It is one thing to pawn a browser it is a different thing to pawn the browser and the operating system. The article is not very specific on those details.

Comment: Re:A turd by any other name (Score 0) 317

by donaldm (#49281639) Attached to: Microsoft Is Killing Off the Internet Explorer Brand

Err lets see!

Google Chrome: Version 41.0.2272.89 (64-bit) - Check

Firefox: Mozilla Firefox 36.0 - Check

Konqueror: 4.14.4 - Check

Microsoft IE: ???? - Nope not there

Hmm better check my system:
- Operating System: GNU/Linux 3.18.9-200.fc21.x86_64 - Err!
- System Release: Fedora 21 - The alarm bells are ringing

Well colour me surprised that's why I couldn't find Microsoft Internet Explorer \(^o^)/

Comment: Re:What? (Score 1) 75

by donaldm (#49255501) Attached to: UK Police and PRS Shut Down Karaoke Torrent Site

I cannot imagine karaoke being that popular.

Rather than debate this if you have and Android phone or Apple iPhone for that matter go to to the App Store and search for "karaoke", you will find that there are quite a few apps (I counted 250 on Android) dealing with that. Now just for fun why don't you "tap" on an app (don't install unless you want too) and see how many downloads of that app has had.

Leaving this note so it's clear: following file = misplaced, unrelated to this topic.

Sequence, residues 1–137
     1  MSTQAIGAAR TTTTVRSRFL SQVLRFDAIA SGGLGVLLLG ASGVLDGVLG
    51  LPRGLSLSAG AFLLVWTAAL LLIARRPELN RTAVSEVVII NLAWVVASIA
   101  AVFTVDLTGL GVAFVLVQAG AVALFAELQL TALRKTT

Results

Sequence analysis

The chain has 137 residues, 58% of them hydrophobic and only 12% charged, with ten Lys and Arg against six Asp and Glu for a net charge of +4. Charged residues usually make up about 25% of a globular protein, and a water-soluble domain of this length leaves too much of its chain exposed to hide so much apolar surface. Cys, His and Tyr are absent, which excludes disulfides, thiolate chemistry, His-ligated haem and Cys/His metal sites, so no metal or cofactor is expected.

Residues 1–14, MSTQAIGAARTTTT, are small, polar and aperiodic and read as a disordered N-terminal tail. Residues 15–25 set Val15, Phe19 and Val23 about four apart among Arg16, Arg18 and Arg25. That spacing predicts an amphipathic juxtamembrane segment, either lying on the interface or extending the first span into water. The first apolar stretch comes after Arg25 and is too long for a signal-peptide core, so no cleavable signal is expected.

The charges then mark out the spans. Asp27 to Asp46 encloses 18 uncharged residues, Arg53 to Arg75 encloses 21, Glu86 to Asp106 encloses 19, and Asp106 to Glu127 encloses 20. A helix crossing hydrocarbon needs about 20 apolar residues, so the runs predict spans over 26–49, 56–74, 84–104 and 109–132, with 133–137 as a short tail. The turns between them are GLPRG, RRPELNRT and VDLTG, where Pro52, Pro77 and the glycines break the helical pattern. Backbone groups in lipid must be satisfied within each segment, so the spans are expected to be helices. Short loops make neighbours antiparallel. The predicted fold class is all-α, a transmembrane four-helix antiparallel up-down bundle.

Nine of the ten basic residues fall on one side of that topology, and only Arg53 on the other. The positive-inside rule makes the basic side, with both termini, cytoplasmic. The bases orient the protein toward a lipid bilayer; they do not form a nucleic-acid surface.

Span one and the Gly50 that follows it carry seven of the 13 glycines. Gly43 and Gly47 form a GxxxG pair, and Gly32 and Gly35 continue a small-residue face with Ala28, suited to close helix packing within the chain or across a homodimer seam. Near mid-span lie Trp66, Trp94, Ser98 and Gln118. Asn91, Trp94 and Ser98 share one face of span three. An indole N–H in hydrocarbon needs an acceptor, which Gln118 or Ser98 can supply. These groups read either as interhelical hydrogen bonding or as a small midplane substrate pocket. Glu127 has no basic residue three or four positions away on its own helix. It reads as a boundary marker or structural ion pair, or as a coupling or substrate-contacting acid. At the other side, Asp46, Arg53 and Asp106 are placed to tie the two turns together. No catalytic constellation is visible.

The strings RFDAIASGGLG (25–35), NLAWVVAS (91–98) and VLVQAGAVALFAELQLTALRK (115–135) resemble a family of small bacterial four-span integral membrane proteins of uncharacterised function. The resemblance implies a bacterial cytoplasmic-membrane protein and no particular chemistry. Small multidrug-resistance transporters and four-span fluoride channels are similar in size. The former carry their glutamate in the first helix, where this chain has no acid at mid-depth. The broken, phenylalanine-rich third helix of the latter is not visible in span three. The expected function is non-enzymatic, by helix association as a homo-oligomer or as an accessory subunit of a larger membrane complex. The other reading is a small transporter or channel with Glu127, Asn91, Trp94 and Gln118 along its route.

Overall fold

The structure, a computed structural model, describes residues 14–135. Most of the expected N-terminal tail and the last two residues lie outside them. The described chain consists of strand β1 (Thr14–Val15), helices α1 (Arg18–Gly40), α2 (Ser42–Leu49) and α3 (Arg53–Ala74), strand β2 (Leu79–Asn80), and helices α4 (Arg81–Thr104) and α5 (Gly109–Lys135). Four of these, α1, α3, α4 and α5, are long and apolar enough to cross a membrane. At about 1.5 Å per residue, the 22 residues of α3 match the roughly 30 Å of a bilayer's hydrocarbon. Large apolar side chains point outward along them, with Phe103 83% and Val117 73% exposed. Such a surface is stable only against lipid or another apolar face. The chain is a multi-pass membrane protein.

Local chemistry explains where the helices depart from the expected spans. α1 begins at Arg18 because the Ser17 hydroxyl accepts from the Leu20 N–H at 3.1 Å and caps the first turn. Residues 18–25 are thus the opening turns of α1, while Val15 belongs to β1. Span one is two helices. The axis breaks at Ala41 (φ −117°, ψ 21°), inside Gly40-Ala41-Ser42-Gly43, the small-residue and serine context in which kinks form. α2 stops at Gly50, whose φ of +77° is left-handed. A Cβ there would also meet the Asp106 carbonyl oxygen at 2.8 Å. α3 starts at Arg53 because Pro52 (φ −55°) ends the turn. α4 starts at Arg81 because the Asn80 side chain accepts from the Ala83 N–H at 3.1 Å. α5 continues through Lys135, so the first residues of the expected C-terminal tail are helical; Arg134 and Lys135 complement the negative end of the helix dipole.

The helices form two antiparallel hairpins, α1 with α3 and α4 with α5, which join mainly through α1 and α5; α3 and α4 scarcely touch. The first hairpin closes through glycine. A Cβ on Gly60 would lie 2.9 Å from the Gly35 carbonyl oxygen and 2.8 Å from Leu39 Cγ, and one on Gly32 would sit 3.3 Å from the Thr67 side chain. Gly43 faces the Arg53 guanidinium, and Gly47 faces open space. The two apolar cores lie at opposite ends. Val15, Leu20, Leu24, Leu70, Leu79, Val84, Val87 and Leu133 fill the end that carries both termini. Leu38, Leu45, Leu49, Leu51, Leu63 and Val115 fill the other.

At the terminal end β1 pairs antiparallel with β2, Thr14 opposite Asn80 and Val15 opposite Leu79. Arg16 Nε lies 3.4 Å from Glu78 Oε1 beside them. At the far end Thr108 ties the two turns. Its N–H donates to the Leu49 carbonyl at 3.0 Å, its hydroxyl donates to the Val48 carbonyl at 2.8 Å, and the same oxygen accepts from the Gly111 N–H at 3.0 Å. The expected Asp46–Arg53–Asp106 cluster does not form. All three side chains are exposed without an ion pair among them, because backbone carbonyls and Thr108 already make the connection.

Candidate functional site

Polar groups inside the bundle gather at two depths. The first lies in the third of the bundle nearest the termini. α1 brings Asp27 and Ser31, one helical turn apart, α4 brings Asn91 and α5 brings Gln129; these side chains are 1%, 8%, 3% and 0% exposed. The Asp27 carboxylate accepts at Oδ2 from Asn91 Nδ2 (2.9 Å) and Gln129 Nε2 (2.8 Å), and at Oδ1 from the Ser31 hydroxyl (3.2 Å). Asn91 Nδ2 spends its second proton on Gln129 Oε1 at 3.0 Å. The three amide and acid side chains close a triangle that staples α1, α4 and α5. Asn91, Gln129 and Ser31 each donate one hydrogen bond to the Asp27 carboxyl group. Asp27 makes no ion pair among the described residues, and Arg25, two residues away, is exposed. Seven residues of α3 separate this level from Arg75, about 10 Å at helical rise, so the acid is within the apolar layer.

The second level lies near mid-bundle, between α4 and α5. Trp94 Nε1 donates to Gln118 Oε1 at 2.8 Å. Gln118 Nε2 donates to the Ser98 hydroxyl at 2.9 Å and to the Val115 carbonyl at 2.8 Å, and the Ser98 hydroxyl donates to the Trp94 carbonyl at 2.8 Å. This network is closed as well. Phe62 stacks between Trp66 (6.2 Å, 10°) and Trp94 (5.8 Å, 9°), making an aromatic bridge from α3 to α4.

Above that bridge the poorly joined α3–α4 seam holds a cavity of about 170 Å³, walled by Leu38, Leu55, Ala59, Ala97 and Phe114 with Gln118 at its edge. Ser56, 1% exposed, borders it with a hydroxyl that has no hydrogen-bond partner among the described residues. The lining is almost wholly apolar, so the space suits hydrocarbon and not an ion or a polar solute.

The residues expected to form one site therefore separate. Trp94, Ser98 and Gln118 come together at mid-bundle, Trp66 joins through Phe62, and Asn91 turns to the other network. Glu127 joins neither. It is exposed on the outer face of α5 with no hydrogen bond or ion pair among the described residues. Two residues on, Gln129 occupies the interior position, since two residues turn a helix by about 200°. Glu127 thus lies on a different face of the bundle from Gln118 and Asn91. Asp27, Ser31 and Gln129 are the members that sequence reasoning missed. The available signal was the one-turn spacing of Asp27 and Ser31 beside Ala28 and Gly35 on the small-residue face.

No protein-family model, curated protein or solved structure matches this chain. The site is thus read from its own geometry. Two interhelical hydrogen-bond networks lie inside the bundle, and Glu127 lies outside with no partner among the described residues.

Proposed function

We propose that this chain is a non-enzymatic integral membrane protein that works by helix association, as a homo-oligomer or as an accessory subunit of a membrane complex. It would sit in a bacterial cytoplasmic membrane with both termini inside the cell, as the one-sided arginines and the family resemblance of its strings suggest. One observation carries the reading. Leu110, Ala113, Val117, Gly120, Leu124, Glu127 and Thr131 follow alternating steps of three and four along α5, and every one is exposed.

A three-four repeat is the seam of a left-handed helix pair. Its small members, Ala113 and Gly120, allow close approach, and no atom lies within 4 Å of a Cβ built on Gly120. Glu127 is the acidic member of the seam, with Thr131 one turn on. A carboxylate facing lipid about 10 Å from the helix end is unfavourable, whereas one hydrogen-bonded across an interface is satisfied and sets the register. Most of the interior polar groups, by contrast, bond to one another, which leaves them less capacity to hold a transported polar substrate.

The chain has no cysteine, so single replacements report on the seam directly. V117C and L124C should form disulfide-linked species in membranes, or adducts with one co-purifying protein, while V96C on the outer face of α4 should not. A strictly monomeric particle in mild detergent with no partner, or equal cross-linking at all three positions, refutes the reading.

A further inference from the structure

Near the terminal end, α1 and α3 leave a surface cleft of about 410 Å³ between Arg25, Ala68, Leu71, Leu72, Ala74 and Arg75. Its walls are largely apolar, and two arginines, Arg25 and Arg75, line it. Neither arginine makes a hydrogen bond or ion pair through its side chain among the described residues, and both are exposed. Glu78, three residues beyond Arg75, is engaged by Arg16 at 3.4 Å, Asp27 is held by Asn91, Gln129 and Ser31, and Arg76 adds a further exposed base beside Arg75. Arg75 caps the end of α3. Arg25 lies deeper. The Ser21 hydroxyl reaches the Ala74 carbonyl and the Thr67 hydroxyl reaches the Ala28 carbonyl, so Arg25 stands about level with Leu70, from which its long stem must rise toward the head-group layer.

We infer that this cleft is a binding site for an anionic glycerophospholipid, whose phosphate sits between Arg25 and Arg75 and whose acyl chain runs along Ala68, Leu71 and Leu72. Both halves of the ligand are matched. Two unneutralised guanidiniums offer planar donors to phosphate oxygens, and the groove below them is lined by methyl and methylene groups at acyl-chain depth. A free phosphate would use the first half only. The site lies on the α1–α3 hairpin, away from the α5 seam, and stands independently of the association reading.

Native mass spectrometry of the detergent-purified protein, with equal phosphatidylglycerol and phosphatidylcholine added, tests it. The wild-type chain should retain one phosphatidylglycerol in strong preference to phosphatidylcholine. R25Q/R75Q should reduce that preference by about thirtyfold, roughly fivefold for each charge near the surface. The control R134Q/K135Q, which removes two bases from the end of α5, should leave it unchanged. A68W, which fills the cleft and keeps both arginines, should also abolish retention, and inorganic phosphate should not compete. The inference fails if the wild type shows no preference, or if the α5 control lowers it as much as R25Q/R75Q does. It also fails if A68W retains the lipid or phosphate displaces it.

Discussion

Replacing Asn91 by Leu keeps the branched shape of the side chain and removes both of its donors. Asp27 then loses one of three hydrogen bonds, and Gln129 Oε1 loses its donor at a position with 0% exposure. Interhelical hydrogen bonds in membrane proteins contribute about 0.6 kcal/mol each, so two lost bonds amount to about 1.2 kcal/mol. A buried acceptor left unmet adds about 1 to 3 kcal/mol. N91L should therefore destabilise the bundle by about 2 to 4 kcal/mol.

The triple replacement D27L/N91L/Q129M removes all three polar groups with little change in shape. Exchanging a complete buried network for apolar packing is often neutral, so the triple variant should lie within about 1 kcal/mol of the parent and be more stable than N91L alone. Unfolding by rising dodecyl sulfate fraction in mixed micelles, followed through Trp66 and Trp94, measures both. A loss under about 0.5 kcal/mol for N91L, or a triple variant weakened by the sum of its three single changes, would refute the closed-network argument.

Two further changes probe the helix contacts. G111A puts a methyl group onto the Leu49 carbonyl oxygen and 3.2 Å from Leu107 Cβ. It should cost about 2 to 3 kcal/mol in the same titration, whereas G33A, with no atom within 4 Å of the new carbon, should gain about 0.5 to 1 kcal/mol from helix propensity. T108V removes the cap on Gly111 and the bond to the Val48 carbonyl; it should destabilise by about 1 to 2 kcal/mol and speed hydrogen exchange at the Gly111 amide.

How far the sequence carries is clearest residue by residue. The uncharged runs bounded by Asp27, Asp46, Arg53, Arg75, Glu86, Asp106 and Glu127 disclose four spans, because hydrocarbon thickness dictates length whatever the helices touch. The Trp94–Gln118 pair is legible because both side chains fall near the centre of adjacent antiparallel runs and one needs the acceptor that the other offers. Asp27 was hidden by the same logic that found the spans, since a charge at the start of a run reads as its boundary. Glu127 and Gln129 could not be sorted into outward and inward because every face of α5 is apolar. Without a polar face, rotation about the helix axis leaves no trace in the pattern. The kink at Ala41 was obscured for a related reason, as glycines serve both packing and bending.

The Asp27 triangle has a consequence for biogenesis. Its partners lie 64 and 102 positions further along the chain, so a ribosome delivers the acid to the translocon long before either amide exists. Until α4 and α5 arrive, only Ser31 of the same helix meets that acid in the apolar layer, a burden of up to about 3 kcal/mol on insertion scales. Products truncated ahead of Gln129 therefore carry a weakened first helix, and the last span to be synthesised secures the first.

Basically you are going to see 100's of thousands and even millions of downloads per app so just because you can't see karaoke being that popular I think 10's of millions would disagree with you.

Who would buy/download karaoke for personal use?

If you like watching Japanese Anime you may find the introduction and ending song if there is one set-up with "karaoke" and people do buy the dubbed/subbed anime.

why is this a target for the police when there are plenty of other, and larger, trackers out there? Nothing in this story makes any sense.

It looks like the big corporations want their pound of flesh and they don't care were they get it.